A Tale of Two Migrations

My first portal migration project was not originally expected to be a migration; it was scoped and planned as an upgrade. The expectation of an upgrade was well-founded given the high-level scope of moving from one version to the next. Those involved with WebLogic Portal at the time know the move from 7.x to 8.x was in fact a migration rather than an upgrade. While there were some bridge APIs to allow the use of old code it was poorly suited to anything that was even slightly customized, which is to say every implementation in production. The project had been expected to take 4 – 6 weeks with one developer and actually took 10 weeks and 2 developers. It was the first of two migration/upgrades for the same customer and the lessons learned from the first move allowed the second move to be completed in 3 weeks with a single developer.

Fast-forward a decade and enterprises with WebLogic Portal are once again faced with a migration. This time we know up front that it will be a migration and IT managers along with their business customers are hesitant to move forward without a clear path to follow. While the last ten years have seen all J2EE-based portal products move to standard APIs for their foundation, they still have unique frameworks that serve as (from the vendors point-of-view) market differentiator and (from the customers perspective) a new form of vendor lock-in. In the case of WebLogic Portal, the vendor remains the same (albeit through acquisition) yet there is still no easy way to switch to the newer version, and a risk to staying with the old as it has been feature-frozen since 2010 and is slated for “sustaining-only support”.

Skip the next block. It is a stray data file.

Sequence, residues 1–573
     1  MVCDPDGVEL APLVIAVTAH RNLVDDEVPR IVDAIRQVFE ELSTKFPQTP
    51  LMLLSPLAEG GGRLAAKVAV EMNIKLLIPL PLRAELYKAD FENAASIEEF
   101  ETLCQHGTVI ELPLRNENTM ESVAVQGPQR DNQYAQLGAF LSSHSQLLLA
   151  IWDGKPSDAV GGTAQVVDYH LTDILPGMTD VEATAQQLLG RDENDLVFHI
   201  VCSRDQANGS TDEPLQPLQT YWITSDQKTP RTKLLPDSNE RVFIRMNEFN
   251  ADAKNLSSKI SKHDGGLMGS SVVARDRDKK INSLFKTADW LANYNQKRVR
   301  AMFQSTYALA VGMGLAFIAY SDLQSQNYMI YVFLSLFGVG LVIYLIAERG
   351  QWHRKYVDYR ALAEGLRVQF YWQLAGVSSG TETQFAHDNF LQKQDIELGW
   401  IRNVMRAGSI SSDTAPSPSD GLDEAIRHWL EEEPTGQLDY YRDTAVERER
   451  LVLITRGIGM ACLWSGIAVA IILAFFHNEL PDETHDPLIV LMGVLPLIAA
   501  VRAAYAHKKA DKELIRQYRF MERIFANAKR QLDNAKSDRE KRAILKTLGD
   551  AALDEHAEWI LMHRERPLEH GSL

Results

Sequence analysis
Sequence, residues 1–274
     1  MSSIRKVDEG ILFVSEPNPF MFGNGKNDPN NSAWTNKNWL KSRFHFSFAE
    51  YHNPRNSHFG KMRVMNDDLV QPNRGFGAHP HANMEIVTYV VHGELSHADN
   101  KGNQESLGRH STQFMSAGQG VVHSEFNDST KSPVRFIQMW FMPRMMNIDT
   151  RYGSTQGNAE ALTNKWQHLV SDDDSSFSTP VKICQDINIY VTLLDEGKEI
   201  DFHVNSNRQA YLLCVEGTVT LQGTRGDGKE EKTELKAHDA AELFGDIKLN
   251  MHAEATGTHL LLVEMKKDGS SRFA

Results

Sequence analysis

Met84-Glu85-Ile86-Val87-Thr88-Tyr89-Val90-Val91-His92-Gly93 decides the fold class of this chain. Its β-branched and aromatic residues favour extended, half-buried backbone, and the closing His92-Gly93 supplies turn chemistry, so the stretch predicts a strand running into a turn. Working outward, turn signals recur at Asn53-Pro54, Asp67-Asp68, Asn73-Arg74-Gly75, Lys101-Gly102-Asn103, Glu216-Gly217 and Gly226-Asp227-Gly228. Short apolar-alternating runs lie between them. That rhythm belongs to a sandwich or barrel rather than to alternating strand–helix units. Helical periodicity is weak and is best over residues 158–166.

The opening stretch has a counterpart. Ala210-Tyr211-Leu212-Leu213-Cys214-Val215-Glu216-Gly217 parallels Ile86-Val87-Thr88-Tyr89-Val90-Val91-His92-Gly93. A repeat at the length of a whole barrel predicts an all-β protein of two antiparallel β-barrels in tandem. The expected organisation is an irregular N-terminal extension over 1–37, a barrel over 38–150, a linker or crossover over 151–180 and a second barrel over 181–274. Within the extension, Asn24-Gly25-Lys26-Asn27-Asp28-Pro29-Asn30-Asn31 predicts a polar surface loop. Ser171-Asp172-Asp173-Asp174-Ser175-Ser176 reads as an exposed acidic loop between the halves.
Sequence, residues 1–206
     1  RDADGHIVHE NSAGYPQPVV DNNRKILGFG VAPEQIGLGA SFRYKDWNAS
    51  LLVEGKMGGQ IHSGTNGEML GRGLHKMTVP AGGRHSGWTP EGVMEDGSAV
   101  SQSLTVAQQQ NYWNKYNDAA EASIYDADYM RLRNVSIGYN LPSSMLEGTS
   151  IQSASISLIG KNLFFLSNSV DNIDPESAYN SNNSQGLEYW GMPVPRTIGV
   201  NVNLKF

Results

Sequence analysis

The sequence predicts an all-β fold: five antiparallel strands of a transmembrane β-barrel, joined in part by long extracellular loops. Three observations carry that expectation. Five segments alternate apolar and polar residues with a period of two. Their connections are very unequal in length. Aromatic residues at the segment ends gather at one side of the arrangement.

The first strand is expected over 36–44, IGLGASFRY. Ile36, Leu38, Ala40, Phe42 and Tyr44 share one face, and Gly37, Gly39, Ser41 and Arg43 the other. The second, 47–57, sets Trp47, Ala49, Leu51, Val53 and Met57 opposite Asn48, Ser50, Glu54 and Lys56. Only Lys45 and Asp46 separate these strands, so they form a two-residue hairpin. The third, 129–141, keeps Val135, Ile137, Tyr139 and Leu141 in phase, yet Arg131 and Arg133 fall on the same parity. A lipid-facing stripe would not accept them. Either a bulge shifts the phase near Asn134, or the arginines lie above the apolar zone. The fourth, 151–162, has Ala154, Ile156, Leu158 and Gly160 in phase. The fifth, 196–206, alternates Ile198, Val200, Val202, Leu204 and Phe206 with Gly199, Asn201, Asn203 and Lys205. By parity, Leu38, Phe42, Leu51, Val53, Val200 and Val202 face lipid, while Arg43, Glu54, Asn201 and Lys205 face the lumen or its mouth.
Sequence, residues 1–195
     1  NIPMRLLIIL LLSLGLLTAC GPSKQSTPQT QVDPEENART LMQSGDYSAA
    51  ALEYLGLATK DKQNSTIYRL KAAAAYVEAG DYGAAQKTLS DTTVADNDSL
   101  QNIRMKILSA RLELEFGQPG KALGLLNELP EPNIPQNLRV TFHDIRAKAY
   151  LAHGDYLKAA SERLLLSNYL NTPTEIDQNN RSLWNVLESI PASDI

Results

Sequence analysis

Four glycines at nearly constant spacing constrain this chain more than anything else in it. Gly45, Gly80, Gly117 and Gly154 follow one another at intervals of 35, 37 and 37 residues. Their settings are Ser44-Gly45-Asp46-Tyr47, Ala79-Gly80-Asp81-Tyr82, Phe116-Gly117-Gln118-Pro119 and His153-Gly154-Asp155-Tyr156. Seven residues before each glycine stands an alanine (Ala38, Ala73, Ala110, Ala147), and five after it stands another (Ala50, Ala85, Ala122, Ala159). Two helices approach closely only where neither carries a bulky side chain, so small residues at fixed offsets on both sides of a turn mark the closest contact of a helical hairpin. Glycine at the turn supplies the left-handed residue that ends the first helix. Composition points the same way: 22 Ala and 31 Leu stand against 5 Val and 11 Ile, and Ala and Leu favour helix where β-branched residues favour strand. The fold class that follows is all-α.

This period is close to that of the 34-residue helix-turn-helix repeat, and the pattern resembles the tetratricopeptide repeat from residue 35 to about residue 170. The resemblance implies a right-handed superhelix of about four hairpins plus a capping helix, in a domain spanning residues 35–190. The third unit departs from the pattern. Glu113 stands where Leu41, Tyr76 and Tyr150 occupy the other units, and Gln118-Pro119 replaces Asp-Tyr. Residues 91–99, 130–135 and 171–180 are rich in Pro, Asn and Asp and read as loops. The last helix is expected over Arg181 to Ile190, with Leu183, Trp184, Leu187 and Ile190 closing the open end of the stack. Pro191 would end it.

The migration path from WebLogic Portal (WLP) to WebCenter Portal (WCP) is unclear for many reasons. Perhaps the most common and least-realized barrier to an “automated” migration is that WLP in his current form has 10 years of layered patches and deprecated-yet-still-in-production APIs supporting features that are a broad amalgam of proprietary solutions and customized integrations with standard APIs fueled by a demanding customer base for a (relatively) small vendor where WCP’s current form is currently a little over 3 years old and managed by a company that believes in setting the standards and letting the market follow.

Another source of great confusion is the mixed messages over time and between messengers as to whether a staged migration is practical or if it must be done in either a parallel phase out or big bang approach. To make that even more confusing, all of those options are equally the “best” approach, though the true determination of the correct approach is specific to a combination of the enterprise time-to-market needs, development skill sets, ability to maintain multiple environments and maturity of the enterprise architecture.